The title, “Genesis: Germination, Formation, Transformation”, portends one of those life-cycle dances that tries to say something expansive about the universe. Sure enough, Robert Eugene lopes and squats in African style, singing about his spirit sister in the mountains and the rain in the plain. Three pod creatures twitch on the ground like jumping beans. They hatch into three slinky women who do some groovy formation dancing to tropical jazz. So, life is a cabaret. The smiley modern dance style is mildly inflected with flamenco (stamps! flicks!) or rhythmic gymnastics (that decorative thing with ribbons) – and it all trips along with the music as nicely and as pointlessly as a backing group without a lead singer.
Her boyfriend wants a Jordan in the bedroom and a Nigella in the kitchen. She dreams of, well, a dreamboat.
Bridget Jones’ dance diary might look something like Isobel Cohen’s The Great Escape. She’s not a size 8 with Naomi Campbell legs. Her boyfriend wants a Jordan in the bedroom and a Nigella in the kitchen. She dreams of, well, a dreamboat. Thankfully, Cohen doesn’t simply mimic the voiceover, but stitches it into a flappy, rolling solo that pushes her to the edge of reason: she collapses fitfully to the floor, her limbs tangle her up, she gamely flicks us a feeble goodbye kiss. Most intriguing (and frankly puzzling) is the Tom Waits song that begins to intrude on this middle-class English gal – its slavering saxophone and whiskey-soaked croaks about guns and hookers are clearly coming from another world altogether.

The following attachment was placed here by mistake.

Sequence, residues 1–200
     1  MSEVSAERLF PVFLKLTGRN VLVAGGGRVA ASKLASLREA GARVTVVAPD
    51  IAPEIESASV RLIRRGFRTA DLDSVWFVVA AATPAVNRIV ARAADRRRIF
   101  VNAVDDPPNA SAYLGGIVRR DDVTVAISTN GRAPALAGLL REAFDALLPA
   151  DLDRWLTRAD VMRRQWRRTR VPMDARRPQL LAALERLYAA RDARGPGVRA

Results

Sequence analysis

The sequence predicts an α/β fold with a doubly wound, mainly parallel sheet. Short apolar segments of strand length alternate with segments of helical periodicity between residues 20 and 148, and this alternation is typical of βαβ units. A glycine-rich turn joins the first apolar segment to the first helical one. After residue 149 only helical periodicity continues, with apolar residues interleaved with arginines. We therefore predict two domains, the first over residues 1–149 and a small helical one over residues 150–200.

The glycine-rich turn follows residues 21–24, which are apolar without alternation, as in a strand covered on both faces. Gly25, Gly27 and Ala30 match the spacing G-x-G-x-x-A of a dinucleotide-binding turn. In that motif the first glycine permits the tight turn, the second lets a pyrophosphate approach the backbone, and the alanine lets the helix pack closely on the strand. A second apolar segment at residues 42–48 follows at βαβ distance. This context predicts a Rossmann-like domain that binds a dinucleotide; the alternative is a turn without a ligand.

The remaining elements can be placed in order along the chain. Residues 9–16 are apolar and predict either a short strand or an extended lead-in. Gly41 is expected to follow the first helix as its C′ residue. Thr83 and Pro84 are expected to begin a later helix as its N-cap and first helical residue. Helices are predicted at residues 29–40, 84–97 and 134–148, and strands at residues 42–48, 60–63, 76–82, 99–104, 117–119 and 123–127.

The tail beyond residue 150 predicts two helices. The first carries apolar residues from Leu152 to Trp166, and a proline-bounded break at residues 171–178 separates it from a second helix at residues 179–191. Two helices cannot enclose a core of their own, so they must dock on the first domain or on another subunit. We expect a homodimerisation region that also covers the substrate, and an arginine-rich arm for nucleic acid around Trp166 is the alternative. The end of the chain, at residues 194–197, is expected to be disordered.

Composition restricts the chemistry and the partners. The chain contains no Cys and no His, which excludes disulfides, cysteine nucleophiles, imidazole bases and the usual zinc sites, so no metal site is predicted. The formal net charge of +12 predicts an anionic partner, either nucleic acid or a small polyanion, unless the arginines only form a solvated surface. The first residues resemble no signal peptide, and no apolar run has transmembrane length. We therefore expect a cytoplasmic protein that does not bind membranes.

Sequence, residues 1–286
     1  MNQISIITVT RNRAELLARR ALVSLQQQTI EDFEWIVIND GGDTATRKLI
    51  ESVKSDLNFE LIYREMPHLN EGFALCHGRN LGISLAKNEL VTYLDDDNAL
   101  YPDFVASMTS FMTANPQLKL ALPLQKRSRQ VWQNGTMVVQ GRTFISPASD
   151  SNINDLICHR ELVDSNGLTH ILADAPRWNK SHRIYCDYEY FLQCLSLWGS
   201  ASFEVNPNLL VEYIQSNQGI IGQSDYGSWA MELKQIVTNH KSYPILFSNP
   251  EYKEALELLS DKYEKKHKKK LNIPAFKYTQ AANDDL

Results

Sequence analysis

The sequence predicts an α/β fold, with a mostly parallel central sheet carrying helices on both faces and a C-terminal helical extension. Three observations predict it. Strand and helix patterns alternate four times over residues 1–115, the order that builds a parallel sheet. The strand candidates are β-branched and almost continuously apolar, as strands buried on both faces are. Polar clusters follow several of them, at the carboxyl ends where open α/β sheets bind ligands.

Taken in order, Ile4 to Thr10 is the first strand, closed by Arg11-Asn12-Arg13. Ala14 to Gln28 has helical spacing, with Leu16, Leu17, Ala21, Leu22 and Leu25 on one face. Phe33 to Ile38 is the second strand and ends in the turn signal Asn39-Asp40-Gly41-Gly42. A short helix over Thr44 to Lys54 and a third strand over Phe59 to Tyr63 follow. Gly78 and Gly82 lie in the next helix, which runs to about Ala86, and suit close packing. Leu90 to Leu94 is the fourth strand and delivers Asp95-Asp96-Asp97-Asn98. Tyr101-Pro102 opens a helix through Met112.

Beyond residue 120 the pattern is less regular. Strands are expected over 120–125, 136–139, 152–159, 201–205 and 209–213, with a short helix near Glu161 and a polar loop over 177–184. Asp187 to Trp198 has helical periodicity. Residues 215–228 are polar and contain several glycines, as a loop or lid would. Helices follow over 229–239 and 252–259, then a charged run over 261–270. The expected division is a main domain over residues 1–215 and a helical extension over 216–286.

Just Don’t, by Sebastian Rex Dance Company, is about four couples who don’t touch each other. Opening and closing with a little music-box waltz, choreographer Ronnie Shapiro sets out a clear sequence, each duo highlighted in turn and then backed up by the group. There’s the pair who swivel politely out of arm’s reach, the scary twins who cough and retch continuously, the weird nuns who pray and screech, and the out-of-synch adults who reach and shuffle-bum like babies. Unusually, Shapiro is attentive to composition and responsive to his varied musical choices – shame we don’t really learn much about his characters.